Restoration #1: Antique electrolysis report

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Blog entry by kennethw posted 09-10-2009 06:54 AM 1205 reads 0 times favorited 2 comments Add to Favorites Watch
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Hi folks! Just a note on the progress of the electrolysis system that I’ve built in order to restore a few of my grandfather’s old tools. I don’t have any pictures to post just yet, but this has been a pretty amazing process. I can’t compare it to any other process, but it has been very interesting to watch the reaction as it does its magic. It seemed to be the least damaging and toxic/caustic way to go about bringing these tools back into usable condition.

In particular, today I noticed some detail stamped into one of the chisels coming into view, and am completely amazed. What was once a chunk of rust which only revealed my grandfather’s last (admittedly heavy-handed) sharpening attempts via a grinding wheel, is now shiny and distinct in many areas. I can clearly see the size stamp, and an interesting emblem stamped into the top: a diamond with some lines indicating a radiance around it. The diamond design literally revealed itself after about a day of cooking in the electric soup. I’ve taken some specific advice and gone with a low amperage in order to avoid a more violent expulsion of metal, which is supposed to retain more detail but takes longer.

I wish I could separate the metal from the wood and make it completely pristine, but I don’t want to damage anything. After the electrolysis I’ll hit the tang/ferrule area with hand sanding, and then refinish the handle. I’m not sure how strong the metal will still be, but it’s a 5/16” so it won’t see much heavy use.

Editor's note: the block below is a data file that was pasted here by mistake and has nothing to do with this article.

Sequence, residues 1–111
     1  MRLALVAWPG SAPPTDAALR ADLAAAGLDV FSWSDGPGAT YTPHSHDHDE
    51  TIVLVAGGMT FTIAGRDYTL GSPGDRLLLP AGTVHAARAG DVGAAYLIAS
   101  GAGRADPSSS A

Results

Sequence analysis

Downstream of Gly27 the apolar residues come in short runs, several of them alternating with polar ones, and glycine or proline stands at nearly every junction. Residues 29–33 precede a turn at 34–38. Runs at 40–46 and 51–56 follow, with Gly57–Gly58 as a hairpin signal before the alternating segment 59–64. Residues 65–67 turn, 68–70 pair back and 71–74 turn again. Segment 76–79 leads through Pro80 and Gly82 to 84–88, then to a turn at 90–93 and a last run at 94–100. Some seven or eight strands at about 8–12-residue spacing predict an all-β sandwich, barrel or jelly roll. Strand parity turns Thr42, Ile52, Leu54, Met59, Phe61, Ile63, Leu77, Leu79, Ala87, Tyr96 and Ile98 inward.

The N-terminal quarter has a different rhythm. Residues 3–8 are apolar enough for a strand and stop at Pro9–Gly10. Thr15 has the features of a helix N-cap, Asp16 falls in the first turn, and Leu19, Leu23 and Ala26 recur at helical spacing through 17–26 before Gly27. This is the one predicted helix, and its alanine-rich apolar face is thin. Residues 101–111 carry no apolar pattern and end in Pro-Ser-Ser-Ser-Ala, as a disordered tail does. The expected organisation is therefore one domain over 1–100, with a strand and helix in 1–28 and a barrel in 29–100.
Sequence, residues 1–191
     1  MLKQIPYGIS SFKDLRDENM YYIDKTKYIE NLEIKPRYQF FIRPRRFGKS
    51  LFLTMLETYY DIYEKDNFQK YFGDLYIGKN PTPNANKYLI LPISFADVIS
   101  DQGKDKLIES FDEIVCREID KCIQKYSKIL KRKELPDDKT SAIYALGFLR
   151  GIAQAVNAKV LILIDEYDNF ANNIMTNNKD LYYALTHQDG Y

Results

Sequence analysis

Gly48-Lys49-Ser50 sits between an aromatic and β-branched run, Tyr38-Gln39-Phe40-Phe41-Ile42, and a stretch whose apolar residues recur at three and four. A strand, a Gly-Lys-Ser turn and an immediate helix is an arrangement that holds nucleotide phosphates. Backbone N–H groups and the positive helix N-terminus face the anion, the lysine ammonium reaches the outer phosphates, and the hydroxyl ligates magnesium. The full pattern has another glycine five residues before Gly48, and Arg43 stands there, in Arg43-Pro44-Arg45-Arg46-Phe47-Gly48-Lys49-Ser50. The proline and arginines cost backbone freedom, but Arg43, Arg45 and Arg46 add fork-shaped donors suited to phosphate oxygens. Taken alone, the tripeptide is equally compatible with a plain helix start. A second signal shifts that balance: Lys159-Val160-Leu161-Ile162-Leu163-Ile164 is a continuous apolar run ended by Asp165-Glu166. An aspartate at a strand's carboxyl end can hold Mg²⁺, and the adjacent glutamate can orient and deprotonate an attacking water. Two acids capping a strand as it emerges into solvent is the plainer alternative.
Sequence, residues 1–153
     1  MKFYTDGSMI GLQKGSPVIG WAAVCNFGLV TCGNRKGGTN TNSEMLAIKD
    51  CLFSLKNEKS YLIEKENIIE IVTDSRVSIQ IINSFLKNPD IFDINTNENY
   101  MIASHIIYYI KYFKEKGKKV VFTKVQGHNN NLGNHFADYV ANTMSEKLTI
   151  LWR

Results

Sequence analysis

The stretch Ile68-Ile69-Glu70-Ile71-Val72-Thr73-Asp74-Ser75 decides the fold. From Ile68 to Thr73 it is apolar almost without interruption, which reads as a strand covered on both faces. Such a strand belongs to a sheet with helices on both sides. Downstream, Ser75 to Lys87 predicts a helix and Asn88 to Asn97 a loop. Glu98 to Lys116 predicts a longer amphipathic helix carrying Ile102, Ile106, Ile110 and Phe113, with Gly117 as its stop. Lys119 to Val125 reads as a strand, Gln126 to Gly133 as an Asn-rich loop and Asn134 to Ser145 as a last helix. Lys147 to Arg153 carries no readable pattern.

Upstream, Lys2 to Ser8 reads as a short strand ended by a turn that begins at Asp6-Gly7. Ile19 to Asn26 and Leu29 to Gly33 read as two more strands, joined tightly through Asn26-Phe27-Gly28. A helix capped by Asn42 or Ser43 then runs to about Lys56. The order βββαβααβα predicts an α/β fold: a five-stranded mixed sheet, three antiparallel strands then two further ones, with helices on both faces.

I’m looking forward to cleaning up various parts of his #26! :)

I intend to document my setup, with some before and after photos, once I have managed to clean these articles up.

2 comments so far

View sidestepmcgee's profile


158 posts in 3146 days

#1 posted 09-10-2009 02:26 PM

cool,pictures would be great.What did you use for your electrolysis method?Do you know if this helps prevent rust in the future?thanks

-- eric post, tallahassee FL

View kennethw's profile


50 posts in 2728 days

#2 posted 09-10-2009 08:56 PM

Thanks, pictures coming soon! This page has a very good description of the process. I did end up building my own unit, though it’s not nearly as complicated as the one described on that page. It’s actually a very simple process, but since I tinker with electronics I had some components that I could use. I use a 5v, low amp power supply for a network router as the power source, feeding it through a variable resistor so I can control the current. It has been running for about 5 days now on various stuff. It’s mostly about keeping it safe, and being able to let it cook slowly. Most people recommend using a car battery charger, but those things pack quite a punch and can knock off bits of metal that might be recoverable by a slower process.

This will do nothing for future rust. In fact, as soon as you take parts out of the bath they will rust very quickly at first (within minutes!), so you have to do a bit of extra protection. After some cleanup and some time it should be back to normal iron/steel and you can use your normal rust protection routine on it.

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